The walls of Augsburg Park Library in Richfield have recently become more vibrant. Lending the added flare was a group of dozens of young artists who entered a total of 64 works into this year’s Richfield Teen Art Show, which had its opening night Monday, Nov. 26.
The library’s patrons take notice of the annual tradition, said Lisa Howes, the youth librarian in charge of the contest.
“We have so many adults that come in here and really like looking at what the kids have brought here,” Howes said.
“Plus, it just makes the place look so much better. It looks so much happier.”
Work encompassing a wide variety of disciplines and media — sketches, paintings, sculptures — lines the brick interior walls after art teachers at local schools encouraged their students to expose their work to the general public.
“I’m amazed at their creativity and guts. It takes a lot of — I don’t want to call it bravery — to put your stuff out there and have it critiqued,” Howes said, before reconsidering her comment. “I guess you could call it bravery.”
One winner, seventh-grader Megan Otten, came from some distance to put her work on display. Megan, entering her first art contest, thought her illustration of a tree decorated with buttons was worthy of the competition, but recognition is not why she does what she does.
She said, simply, that she does it “for fun, because at home I get bored and I think of ideas in my head and I put it down on paper.”
For many of the entrants, art is a natural inclination. Another winner, Ruth Peterson, who lives in Richfield but attends school at Eagle Ridge Academy in Eden Prairie as a twelfth-grader, said that growing up, “I drew anything I saw, I guess.”
Her brother Eric, a ninth-grader at Richfield High School, was also honored — for his illustration of the family dog, Roxy. The subject seemed like it would resonate because “we thought anybody who was within a mile of our house would recognize the dog,” Ruth said.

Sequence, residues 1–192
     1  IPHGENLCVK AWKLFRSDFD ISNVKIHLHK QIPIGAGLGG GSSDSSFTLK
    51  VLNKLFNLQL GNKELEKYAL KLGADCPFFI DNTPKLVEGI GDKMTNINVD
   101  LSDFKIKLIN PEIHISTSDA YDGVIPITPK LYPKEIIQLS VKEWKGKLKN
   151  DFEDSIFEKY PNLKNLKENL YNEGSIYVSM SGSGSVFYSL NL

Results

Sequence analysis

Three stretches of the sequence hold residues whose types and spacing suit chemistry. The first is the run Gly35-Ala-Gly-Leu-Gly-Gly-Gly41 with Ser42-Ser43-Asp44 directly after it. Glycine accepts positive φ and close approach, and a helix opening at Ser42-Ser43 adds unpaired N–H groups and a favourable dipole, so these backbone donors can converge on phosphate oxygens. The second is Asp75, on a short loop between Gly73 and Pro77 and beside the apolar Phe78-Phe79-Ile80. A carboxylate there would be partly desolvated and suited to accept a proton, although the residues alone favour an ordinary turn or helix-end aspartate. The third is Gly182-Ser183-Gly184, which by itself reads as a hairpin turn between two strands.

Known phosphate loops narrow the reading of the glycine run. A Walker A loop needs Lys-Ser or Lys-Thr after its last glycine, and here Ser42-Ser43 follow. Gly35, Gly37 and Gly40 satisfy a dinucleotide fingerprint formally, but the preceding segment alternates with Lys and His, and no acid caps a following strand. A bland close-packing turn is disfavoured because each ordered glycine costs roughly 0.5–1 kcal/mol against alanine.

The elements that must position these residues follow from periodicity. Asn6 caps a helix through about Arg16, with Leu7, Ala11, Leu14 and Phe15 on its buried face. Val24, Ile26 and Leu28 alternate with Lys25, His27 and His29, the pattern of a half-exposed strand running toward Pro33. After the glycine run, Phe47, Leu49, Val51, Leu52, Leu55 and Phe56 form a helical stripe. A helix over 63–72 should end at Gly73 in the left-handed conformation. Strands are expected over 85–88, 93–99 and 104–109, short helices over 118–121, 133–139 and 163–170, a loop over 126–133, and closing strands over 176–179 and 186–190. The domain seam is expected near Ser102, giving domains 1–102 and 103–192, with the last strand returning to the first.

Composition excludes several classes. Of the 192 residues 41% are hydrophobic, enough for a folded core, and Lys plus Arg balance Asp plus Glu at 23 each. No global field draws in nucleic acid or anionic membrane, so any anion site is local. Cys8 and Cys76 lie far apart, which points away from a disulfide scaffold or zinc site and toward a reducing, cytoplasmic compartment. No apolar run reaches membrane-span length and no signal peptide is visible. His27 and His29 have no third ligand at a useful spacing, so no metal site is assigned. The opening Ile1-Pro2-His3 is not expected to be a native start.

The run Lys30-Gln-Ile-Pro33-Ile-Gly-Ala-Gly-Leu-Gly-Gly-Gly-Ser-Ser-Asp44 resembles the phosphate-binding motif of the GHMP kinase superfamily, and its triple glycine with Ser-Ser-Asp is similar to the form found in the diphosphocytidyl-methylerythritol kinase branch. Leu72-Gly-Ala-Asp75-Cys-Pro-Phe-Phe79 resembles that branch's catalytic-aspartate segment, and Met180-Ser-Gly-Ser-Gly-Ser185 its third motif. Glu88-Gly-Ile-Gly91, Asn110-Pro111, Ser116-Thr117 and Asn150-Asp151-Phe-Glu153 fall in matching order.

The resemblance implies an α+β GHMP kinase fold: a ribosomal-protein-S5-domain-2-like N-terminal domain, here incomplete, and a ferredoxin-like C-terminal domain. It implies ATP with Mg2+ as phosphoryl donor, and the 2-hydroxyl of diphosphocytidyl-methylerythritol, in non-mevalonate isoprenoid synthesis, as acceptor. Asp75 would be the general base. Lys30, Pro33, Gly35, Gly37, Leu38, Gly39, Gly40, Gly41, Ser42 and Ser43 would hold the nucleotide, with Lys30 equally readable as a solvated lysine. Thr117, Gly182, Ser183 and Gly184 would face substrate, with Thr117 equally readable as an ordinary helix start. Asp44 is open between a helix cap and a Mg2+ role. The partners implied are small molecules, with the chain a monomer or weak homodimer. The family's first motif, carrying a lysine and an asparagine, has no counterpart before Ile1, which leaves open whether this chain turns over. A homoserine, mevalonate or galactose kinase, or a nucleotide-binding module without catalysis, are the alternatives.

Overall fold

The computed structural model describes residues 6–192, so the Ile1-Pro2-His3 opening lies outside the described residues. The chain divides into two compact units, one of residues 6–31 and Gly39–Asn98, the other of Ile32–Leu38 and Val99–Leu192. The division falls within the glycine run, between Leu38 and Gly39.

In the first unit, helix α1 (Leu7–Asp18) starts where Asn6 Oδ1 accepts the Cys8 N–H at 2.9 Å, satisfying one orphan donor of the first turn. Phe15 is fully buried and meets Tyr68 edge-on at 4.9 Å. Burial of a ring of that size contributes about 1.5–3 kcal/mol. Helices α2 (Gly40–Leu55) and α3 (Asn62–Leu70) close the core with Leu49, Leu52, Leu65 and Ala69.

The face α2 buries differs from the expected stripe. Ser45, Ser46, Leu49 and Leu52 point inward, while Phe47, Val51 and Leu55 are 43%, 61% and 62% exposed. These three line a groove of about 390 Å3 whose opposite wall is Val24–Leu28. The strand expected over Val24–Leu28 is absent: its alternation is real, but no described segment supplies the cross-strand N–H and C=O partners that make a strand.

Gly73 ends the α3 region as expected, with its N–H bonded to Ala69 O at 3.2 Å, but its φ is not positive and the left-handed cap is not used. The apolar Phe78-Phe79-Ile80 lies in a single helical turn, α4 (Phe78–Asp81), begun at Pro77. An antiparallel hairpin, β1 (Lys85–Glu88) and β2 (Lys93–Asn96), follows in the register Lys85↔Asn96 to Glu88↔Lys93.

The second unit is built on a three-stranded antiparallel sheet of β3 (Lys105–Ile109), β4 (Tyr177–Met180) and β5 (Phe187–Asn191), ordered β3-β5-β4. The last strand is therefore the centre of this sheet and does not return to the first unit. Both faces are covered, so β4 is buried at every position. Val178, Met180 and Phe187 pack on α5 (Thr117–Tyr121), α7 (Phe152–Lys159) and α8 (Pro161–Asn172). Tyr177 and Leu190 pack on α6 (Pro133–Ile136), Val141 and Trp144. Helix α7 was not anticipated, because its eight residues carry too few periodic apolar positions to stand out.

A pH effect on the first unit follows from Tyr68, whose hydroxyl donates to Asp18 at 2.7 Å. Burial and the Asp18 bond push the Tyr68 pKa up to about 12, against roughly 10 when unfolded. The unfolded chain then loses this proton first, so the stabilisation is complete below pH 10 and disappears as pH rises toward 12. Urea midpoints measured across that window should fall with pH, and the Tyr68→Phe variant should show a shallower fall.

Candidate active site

The art will be on display until January, when the works will be moved to the Richfield Community Center and Richfield Municipal Center.
Paintings and sculptures were judged by the Richfield Arts Commission on design, creativity, effort and craftsmanship.
Eric Peterson won the contest’s grand prize for his sketch of his dog. Other prizes were divided by middle school and high school age groups. Ruth Peterson took first place among high-schoolers for her self-portrait done in the style of pointillism, which uses dots to create an image. Otten, a seventh-grader from Rogers, won among middle-schoolers for her the tree painting. Spencer Bainbridge took first place in the pottery category for a piece of work called “Green Dream.”
Abby Howes took second place among middle-schoolers for her illustration of a goldfinch, while a middle school girl who goes by “Purple F” took third place for her cartoon-like painting of a girl licking a lollipop, done in the popular Japanese manga style.
Lisa Mikos was judged second among high-schoolers for her work, “Black and White Flowers.” Third place in that group went to Cesar Sose for “La Pachuco.”
Others recognized for their sculpture work were Emily Nelson for her bowl featuring a zig-zag design and William Voight for his sculpture of a blond boy’s face.
Honorable Mentions among middle-schoolers were Mumtos Mohamed for her painting of a forest, Diana Herrera-Ortega for her face drawn in the Japanese Manga style, and William Voight for his painting of a tree-and-mountain landscape.
High Schoolers receiving honorable mention were Anne Prinns for her work called “Heads,” Madeleine Karl for creation, “Ballerina,” and Jenna Freund for her green bowl.